Several different groups of tourists have passed by at this point taking photos and videos of the surrounding sidewalk areas, the building’s facade, etc., all escaping the harassment and threats of eternal damnation from this ace security team. I mention that a zillion other folks have been openly photographing all the same stuff in the time since the guards started intimidating me. “So what? Those people are just tourists,” was the excuse.

Kept working as best as I could. Shadows cast by tall neighboring buildings were quickly encroaching upon my delicious scene.

As a reminder, this entire time I’m not harassing anyone or even taking photos of people. I’ve been casually and quietly on the street side of the sidewalk waiting for good light and geometry to mix. I’m purposefully going out of my way to not provoke the dudes with the name tags, or act spiteful or condescending.

Anyway, older dude leaves. He’s replaced by someone the same younger age as the rest of the security team. If older dude was somehow “good cop” then this woman was supposed to be “bad cop.”

“You need to go, now.” She screamed at me from across the sidewalk as she approached. A small crowd had formed and dissipated before, but her shout really gained some interest and turned it into good ol’ NYC sidewalk theater.

“I’m so sorry, ma’am. I’m not going to leave right this second because I have every right to stay here and photograph anything I want. I’ll be out of your hair as soon as the light’s gone on this corner.”

“Nope. We’ve told you to leave numerous times now. No more warnings. There are four police cars and a detective right around the corner ready to go. If you don’t leave I’ll call them over right now and have you arrested.”

“Thank god. I’m honestly glad to hear it! I’ve been asking your team to call the police the past half hour. Please, please invite them here then so we can clear this up.”

“Are you sure? You’re so suspicious. This is a national security issue. Gonna be bad for you.” (BTW, I’m wearing ripped denim shorts — Happy Pride! — and a striped J-Crew t-shirt. Running sneakers, my favorite red hat complete my delinquent look for the day.)

“Ma’am, again, I’m sorry but I know the law governing this situation like the back of my hand. Please get the cops here and stop harassing me until they arrive.”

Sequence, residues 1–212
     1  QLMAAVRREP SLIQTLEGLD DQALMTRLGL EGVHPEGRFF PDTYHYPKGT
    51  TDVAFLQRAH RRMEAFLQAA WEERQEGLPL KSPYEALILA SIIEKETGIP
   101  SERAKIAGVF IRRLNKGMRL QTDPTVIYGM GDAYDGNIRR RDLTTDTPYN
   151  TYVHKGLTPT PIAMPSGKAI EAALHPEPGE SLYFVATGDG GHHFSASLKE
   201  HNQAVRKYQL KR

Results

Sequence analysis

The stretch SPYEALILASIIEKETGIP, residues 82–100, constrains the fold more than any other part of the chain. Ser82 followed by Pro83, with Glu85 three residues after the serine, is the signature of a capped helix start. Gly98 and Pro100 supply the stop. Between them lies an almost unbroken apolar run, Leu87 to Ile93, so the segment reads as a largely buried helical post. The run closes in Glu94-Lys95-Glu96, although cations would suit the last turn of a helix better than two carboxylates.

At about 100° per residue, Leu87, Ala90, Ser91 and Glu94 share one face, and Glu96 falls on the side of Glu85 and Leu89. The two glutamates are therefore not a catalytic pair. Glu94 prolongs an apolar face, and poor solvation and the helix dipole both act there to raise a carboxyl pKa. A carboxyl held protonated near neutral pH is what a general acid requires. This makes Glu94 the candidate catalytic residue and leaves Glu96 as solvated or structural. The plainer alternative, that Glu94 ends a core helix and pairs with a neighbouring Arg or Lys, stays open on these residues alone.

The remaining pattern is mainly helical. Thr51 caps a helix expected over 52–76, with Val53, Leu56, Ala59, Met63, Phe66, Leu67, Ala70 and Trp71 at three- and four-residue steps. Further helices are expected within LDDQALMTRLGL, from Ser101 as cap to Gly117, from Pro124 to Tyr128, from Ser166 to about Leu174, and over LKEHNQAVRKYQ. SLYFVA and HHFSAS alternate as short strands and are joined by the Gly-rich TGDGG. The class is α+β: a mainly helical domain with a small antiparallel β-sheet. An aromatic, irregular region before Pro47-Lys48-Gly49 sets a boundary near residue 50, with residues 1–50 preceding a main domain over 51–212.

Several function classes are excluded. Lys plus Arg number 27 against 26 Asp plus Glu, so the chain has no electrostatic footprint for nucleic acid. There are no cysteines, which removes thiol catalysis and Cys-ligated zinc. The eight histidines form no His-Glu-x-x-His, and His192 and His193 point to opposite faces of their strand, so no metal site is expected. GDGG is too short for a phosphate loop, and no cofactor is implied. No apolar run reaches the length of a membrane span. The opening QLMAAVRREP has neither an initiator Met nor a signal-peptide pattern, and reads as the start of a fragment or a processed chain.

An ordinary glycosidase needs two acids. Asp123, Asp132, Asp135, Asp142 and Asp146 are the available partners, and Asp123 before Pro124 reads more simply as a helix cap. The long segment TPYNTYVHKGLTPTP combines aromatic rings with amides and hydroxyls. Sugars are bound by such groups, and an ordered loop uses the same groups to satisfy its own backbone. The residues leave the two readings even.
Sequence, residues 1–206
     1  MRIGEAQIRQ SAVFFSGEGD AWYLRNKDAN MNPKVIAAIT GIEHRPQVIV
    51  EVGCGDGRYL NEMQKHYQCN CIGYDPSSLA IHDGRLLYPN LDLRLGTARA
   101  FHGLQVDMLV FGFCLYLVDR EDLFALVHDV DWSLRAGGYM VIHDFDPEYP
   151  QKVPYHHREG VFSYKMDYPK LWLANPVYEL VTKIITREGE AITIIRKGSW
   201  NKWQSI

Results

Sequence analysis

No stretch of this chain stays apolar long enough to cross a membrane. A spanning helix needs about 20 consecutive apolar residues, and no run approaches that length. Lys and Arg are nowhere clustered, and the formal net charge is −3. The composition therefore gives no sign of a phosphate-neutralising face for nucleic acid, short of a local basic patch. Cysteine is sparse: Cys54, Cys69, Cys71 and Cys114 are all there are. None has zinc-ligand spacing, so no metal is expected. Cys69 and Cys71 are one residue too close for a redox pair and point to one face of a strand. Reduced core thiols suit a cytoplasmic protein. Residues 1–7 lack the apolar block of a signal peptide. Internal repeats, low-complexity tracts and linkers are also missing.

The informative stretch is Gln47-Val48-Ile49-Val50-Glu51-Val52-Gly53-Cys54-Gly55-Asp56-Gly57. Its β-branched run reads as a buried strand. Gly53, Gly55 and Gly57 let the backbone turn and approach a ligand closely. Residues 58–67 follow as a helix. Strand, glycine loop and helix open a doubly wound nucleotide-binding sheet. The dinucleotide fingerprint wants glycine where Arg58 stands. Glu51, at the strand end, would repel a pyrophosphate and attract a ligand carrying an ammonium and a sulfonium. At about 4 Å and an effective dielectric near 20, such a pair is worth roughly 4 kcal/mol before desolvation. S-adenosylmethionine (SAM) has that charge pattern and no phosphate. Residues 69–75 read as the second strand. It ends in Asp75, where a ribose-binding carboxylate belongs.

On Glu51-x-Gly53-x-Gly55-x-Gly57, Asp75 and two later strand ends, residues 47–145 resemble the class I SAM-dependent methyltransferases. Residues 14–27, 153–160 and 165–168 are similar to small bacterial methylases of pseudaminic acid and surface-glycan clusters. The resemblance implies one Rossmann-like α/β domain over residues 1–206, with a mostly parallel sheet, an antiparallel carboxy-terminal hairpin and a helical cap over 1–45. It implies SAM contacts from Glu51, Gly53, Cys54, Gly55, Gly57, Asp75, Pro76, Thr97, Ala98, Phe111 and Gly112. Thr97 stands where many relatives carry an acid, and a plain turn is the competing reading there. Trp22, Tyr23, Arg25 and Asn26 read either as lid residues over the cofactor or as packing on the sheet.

I was starting to lose my cool at this point because I was losing the light. And I was flabbergastedd that this security team was so misinformed about U.S. law and the rights of photographers — a group of people whom, I imagine, they encounter by the busload. I wondered how many other harmless people they’ve threatened, and how secure the whole area must really be if this is their idea of a code red situation.

I had been recording the interaction with my phone in my pocket (so I could hold my camera and work, not to be sneaky) and I was sure that at least one of the guards noticed me doing it, as I had been checking it every now and then to ensure it was still recording. I was wrong because one of them just noticed.

“You need to stop recording. Now.”


“I’m serious.”

“I am too.”

“Why are you being so rude to us?” he pleaded.

My jaw dropped, and I let out a burst of laughter. I think a few people who had gathered around did as well.

“Bad cop” then heard some “Peanuts” adult-esque voice erupt from her walkie-talkie. She rolled her eyes.

“Have a good day, sir,” she said to me in a tone that was obvious she meant the exact opposite.

“C’mon, let’s go. He can stay.” She and the group of underpaid guards sulked away into the shadows and caverns of the 59th Street station. So did the light that I was trying to capture.

A few lessons:

1.) Photographers: you need to be literate in the applicable laws of whatever jurisdictions you are shooting in. Hold your ground when you have the right to do so (obviously use common sense however). Don’t be intimidated. At the very least, these folks are now educated about basic American laws that apply to the very people they’ve been hired to observe.

2.) I hate to assume shit, but I think these guards were all probably in their 20s. I was shooting with my Q today, which is small but obviously a camera, not a smartphone. I think as time moves on, people are going to be ever more suspicious about actual cameras as they become less and less common. Interesting to think about the implications of that.

3.) Five minutes afterward I met John Oliver on the street! I had absolutely earned this reward. Chatted with him for a few minutes of adrenaline-fueled ecstasy. Very interesting guy. Very interesting day!